Wednesday, April 30, 2014

Ask the Eight Ball

When I was a kid there was this awesome toy that a family friend owned and every time we visited, my brother, sister, and I would beg to play with it.  It was black, with a cool magical screen that displayed a tiny triangle showing words of wisdom and prospect.  That toy was the magical "Eight Ball."
This was such an amazing toy!  I can remember asking it if we were going to win our baseball game against Brussels later that week, or if we'd get to the beach that summer, or even if I was going to be able to see my Grandma anytime soon.  Silly kid questions.  Silly kid responses.

But, life without an eight ball is where it's at.  Not one of us knows what tomorrow will hold until we are knee deep into it, or sailing on top of a cloud through it.  

I make the knee deep reference because lately that's where I've been going.  Both mentally, physically, and even, if I dare say, spiritually.  Knee deep.  

It's so easy to get caught up in the latest gossip, about what he's doing, or why she's not here, or even what makes me a 'better teacher/parent/sister/friend/etc.,' than the person sitting next to you.  What's worse, is that I know it's wrong.

I call that negativity going to "Frown Town." Population: you, me and anyone else within striking distance.  I would like NOT to take up permanent residency within the boundaries of Frown Town, although I know I've had my stay there once, twice, or a few hundred times before. 

I think the key to not visiting and staying for any length of time is self care.  Now, I'm not talking about the "Me First!  I need to be pampered and pressed, massaged and manicured (although, those things are nice!).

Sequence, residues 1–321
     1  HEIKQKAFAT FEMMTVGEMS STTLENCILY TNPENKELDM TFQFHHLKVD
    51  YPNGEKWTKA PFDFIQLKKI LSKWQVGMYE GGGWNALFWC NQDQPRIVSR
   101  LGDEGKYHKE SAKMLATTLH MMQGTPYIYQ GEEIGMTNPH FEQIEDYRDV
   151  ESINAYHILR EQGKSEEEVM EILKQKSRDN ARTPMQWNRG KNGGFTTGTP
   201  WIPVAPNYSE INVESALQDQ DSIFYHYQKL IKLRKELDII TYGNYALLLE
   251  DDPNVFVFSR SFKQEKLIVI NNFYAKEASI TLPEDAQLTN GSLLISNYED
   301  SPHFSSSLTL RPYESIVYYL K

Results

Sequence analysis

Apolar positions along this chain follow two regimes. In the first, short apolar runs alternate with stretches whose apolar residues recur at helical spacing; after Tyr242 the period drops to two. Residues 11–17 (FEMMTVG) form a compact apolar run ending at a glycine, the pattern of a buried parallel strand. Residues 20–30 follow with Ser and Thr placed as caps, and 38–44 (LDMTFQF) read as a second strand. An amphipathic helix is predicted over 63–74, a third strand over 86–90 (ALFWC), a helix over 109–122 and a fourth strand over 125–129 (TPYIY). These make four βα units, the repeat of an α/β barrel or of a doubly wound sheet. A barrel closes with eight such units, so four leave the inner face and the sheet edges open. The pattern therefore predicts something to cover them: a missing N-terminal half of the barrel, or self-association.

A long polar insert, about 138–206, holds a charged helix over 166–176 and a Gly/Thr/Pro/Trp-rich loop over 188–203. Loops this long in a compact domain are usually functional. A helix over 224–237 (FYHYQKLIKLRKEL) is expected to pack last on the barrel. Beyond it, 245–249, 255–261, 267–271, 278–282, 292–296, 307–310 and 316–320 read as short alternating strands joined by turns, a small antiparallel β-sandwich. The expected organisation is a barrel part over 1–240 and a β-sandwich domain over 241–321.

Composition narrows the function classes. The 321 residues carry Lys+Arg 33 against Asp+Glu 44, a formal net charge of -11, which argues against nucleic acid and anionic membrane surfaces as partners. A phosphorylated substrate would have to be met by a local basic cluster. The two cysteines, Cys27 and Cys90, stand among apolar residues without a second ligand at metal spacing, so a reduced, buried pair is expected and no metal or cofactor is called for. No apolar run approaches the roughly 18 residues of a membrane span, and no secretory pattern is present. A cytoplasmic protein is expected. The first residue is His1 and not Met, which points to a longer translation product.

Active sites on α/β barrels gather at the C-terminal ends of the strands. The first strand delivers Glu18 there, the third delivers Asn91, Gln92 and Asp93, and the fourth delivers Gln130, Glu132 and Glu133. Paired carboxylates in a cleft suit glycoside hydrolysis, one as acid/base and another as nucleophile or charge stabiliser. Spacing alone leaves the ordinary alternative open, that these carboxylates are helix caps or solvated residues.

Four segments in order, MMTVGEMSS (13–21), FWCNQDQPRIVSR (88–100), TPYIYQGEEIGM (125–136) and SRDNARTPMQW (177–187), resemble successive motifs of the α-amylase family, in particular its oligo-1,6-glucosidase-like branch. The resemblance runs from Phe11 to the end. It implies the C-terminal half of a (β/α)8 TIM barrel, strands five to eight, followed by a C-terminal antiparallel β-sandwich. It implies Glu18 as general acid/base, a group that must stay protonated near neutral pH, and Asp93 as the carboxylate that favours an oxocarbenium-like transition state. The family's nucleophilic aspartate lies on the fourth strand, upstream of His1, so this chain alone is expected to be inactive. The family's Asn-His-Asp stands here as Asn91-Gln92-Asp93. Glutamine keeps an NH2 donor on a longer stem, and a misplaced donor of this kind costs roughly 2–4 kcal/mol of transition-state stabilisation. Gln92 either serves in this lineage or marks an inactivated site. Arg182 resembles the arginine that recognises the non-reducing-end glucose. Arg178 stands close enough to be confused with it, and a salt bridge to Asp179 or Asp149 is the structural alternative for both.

Rather, I mean that if I don't start by shaking my own eight ball and making myself see the responses I need to see, to be the type of person I'd like to be around; then I'm not going to be any good to anyone.  Especially those little people that need me to be authentically present.  Each day.  

Tonight when I arrived home, I literally came home to this:
At first, after taking off my shoes, dropping my bag, and checking the mail (just a banking statement), I was almost perturbed.  Quickly moving into thinking that, "How could my husband let my oldest make such a mess, when, low and behold, didn't he know that I had a busy day today, that I was tired, and that I really didn't have the energy to be baking a cake at this hour!?"

Then, THANKFULLY, before I even opened my mouth to address the clutter of Betty Crocker's red box, my son smiled, and proudly said, "What do you think mom?  Isn't this great?  I got all the ingredients and materials out all by myself!  We can make cake tonight!"  My heart melted. 

I promised this wee man a few nights ago that we would make a cake, do some baking, and then the busyness of life got in the way.  Late home from work too often lately, commitments that I should have said a firm "No" to, and then the ever mounting feeling of the end of the school year and all the awesomeness that it entails.  It has the potential to make me (or anyone else who's juggling tasks) feel like a Nascar race driver fighting all the way to the finish.

Tonight I am thankful that my son knew what to do to get my attention.  To make me stop, look, and take care of me, all through taking care of him.  I want to remember this moment.  I want to shake the Eight Ball and see that I might not receive the answer that I think I need to hear at any given moment or time right now, but that I can easily re-shake, re-shake, and even re-shake if need be. 

And, if I don't like the answer that I see, I can put the toy back into the play room, trust in all He does, and reroute around "Frown Town" while remembering that a re-shake, where from the ball or a small child is just what I might need.

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